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Golden Mile slow zones receive mixed reviews

Jul 15th, 2010 | By | Category: Front Page Layout, Latest News, News


WATCH OUT: Hayley Jordan says pedestrians put themselves in danger.

INNER-CITY residents are divided over whether lower speed limits on more of the capital’s streets will prevent accidents involving pedestrians.

As Wellington City Council prepares to extend  the speed restrictions that apply in Lambton Quay and Willis St to include the “Golden Mile” through to Courtenay Pl, it is seeking the public’s views.

The Wellington Inner City Residents’ and Business Association supports any council attempts to make inner-city streets safer. “A major attraction for Wellington is its accessibility and walkability,” president Gus Charteris says.

Mr Charteris hadn’t heard anything about the speed-limit reductions, but says he would certainly back them.

With Manners Mall becoming a bus lane, the council now aims to accommodate lack of pedestrian space and ensure pedestrian safety, by lowering the speed limit to 10km/h along lower Cuba St. It proposes a 30km/h the limit on Courtenay Pl, Manners St, parts of Taranaki and Tory Sts, and surrounding side streets.

Mr Charteris says 10km/h on lower Cuba St “definitely makes sense” as it would make the shared area safer for pedestrians – but, he adds, “you’re always going to get some silly people who just walk without looking”.

Among those commenting during the Manners Mall bus-lane consultation, several said they opposed a reduced speed limit for Cuba St.

One submitter said making lower Cuba St pedestrian-only would be more efficient, as cars could enter and exit the area from Wakefield St and people would still have their pedestrian-only safe area.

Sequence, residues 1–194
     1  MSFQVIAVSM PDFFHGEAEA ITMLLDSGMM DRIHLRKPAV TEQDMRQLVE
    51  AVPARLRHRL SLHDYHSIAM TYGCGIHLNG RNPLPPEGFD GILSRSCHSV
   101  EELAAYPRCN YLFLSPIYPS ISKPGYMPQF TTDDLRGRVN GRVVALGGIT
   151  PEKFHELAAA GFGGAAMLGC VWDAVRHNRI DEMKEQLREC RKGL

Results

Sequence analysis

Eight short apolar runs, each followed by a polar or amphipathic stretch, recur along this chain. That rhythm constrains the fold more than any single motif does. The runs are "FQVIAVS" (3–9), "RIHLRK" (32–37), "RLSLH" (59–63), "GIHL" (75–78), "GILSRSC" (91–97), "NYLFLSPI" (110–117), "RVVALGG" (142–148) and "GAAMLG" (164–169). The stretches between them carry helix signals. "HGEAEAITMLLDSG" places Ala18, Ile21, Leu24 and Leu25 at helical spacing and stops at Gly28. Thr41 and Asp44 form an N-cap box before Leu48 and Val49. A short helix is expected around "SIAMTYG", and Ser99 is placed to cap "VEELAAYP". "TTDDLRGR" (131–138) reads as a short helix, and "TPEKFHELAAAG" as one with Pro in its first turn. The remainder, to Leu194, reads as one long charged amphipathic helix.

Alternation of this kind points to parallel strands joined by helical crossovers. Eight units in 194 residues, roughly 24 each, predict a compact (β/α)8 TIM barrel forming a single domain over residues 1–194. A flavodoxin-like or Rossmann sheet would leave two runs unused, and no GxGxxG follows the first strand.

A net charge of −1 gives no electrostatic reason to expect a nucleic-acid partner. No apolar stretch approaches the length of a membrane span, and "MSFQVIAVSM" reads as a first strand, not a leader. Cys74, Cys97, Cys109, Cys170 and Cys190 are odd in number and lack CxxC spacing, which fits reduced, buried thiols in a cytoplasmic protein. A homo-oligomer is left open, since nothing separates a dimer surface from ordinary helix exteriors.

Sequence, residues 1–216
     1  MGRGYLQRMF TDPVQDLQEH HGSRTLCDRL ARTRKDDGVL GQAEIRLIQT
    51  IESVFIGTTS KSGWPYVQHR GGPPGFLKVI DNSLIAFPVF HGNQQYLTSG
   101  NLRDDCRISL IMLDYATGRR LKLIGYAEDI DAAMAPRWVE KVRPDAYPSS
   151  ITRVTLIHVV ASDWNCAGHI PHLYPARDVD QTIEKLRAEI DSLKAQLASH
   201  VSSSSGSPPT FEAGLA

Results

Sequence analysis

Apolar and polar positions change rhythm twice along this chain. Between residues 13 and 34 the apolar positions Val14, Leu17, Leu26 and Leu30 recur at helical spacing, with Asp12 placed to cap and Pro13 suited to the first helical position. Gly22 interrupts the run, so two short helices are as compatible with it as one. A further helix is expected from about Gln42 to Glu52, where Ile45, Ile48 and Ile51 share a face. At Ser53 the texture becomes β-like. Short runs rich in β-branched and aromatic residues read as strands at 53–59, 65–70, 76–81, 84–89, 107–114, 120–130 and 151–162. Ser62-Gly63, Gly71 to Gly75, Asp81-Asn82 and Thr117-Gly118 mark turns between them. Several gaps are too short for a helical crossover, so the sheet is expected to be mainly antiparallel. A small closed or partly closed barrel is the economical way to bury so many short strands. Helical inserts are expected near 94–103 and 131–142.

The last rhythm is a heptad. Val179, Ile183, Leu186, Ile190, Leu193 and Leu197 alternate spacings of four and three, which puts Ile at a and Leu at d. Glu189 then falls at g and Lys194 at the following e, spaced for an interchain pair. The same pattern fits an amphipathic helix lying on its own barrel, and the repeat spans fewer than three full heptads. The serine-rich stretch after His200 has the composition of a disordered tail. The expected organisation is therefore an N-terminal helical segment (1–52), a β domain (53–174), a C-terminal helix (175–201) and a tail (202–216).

Another suggested that reducing parallel parking spaces would help improve safety.

Inner-city based student Jack Farrell says he walks through these streets daily and finds that people drive responsibly already.

Student Hayley Jordan, also based in the city centre, says changing the speed limit may not be effective, as often it is the pedestrians who put themselves in danger.

“As long as both pedestrians and drivers follow the ‘green man’ or green light, there should be no problem, really. It seems that everyone is just so impatient.”

The city council says in the past five years, the Golden Mile has had a high incidence of road crashes, in which 59 people were injured and 41 involved a pedestrian.

cbd speedssecondary

GOLDEN MILE: Lower speed zones likely to be extended.

Outlining the proposal, the council says four of the city’s 10 worst accident black spots are in this area.

“Pedestrians have been shown to have a 90 percent chance of survival when struck by a car travelling at 30km/h or below, but less than 50 percent chance of surviving an impact of 45km/h.”

In 2006 the speed limit was lowered to 30km/h along Lambton Quay, Willis St, and surrounding streets.

Speeds in the city centre need to match the needs of the pedestrian, as pedestrians form the majority using the area, says an April 2006 report to the strategy and policy committee that considered the Lambton changes.

The report’s author, council safe and sustainable transport manager Paul Barker, says surveys show there has been good compliance with the Lambton and Willis lower limits. Under the latest plan, “we expect to get a further reduction in speed and a consequential improvement in safety”.

About 200 written submissions are expected and the majority received so far have been positive, Mr Barker says.

Oral submissions will be heard on August 12 with a report back to the strategy and policy committee on September 16.

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